10 April 2015

Guest post: Rebecca Faith on voice

Last quarter I ran a guest post series on this site about what it means to be a successful writer. This quarter I'm pleased to bring you a series about the characteristics of good writing. I intend to bring you a variety of perspectives on this topic over the next couple of months and am excited that my editing colleague Rebecca Faith has agreed to kick off the series with her thoughts on voice - what it is, what it does, and why it's crucial to her enjoyment of a book. Enjoy!


In March I spent three days at the 2015 PubSense Summit—a conference focused on innovation, trends and technology in the publishing industry. In nearly every panel I attended, including the one I sat on, someone in the audience asked a version of the question on every author’s mind: How can I sell loads of books and be successful? And in nearly every panel I attended, including the one I sat on, someone provided a version of the same answer: Produce incredible content, and success is all but inevitable.

Divorced from genre, demographic target or mode of publication (indie, traditional or hybrid), content reigns supreme as the #1 factor determining your success. And in my seven-year experience as a freelance book editor, I’ve found that what transforms “moderately good” writing to really excellent prose boils down to one thing: voice.

08 April 2015

Ray Bradbury & writing prompts 44-63 (or 73)

This week I stumbled upon this article containing 12 pieces of writing advice from Ray Bradbury. I like all the advice there, but this one in particular caught my attention:

"List ten things you love, and ten things you hate. Then write about the former, and 'kill' the lat[t]er — also by writing about them. Do the same with your fears."

It's a writing prompt! Or twenty. Or thirty, if you also list ten fears.


When I started thinking about listing things I love/hate, the obvious things occurred to me: chocolate, wine and writing/talking about writing would go under love, while things like spiders, kale and being woken up from a good dream would go under hate.

05 April 2015

Goals for the writing life (ROW80 Round 2)

It's the start of another round of A Round of Words in 80 Days, "the writing challenge that knows you have a life." The next three months will bring about at least two major events: 1) another move, and 2) the publication of my pseudonym's next novel.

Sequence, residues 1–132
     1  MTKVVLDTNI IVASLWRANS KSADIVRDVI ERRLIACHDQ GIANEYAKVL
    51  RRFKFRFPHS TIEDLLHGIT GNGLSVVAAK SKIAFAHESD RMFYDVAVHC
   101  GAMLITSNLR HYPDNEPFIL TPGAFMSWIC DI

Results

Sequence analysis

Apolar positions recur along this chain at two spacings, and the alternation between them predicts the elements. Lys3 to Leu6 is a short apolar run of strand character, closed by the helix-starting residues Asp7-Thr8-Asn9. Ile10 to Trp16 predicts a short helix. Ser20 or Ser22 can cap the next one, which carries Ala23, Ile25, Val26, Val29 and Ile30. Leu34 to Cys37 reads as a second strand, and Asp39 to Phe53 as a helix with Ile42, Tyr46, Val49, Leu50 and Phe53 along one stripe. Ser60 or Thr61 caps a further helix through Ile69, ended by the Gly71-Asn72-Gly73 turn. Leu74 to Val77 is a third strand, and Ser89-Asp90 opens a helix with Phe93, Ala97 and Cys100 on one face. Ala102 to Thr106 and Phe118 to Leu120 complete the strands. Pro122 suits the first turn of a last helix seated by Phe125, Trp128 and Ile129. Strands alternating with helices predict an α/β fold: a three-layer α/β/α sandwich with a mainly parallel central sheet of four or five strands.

Creative Projects
Work on my creative projects this next round will involve a little bit of everything: drafting, receiving feedback, revision, editing, submitting, and publishing. Below I've broken down my project plans by month.

April
  • Line & copy editing of pseudonym's WIP1
  • Set up WIP1 blog tour for June
  • Draft WIP1 book description
  • 1st drafts of dream prose poems while WIP1 is with editors
This week's tasks: Line edit WIP1; make initial book blog tour inquiries.

May
  • Self-publish WIP1
  • Put together WIP1 media packet
  • 1st drafts of 4 short stories
  • (If time: work on dream poems)
June
  • Promote WIP1
  • Revise 4 short stories
  • Revise & submit 2 dream poems per week

03 April 2015

Writers' tools: Character interviews



What?
A character interview is pretty much what you might imagine: a creative exercise in which you ask your character questions and "listen" for and record their answers. It's an exercise in letting go of what you *think* you know about your characters and story and letting your subconscious mind (which, at least in my case, is WAY more creative and awesome than my conscious mind) do the talking.

Why?
There are SO MANY REASONS you'd want to do character interviews, dear fiction writers. By which I mean there are at least seven.

1. Create conflict. You can use character interviews while you're brainstorming/plotting to help you get to know them and the conflicts they have - both within themselves and with each other. This can lead to clearer thinking around: (a) what your characters want and how they need to develop over the course of your story in order to get it, (b) how they might react in certain situations because of their triggers, and (c) what kinds of challenges will create productive conflict in the book that helps them grow as well as moves the plot along.

01 April 2015

Starting where you are


The other day I was watching the season 1 finale of of Project Runway: All Stars (a fashion design reality show and one of my many guilty pleasures), in which Mondo has the fashion designer equivalent of writer's block at the absolute worst possible moment: he has only four days to design and make a collection for the runway show that will end the competition and decide the winner.

But there he sits (or rather paces) in his studio, hating all the fabrics he's bought and repeating to the cameras, "I'm just not feeling it." He spends the entire first day that way, at some point finally giving into his apathy and fatigue and deciding he's not going to agonize over it anymore. He's not feeling it, and he's going to give himself a day off, despite the fact that he's under a serious time crunch already.

The next day he comes back into the workroom with the realization that the pressure from the competition has made him feel a little crazy. That's where he is at that moment - feeling a little bit insane - and that's what he decides to use as inspiration for his collection. Bam. He knocks out a cohesive and interesting collection over the next three days that [SPOILER ALERT] wins him the grand prize. And you know why? Because he didn't try to fight himself. He met himself where he was and used it.

As a writer, I find myself constantly struggling to *not* fight myself because I have so many ideas and so little available time and energy comparatively.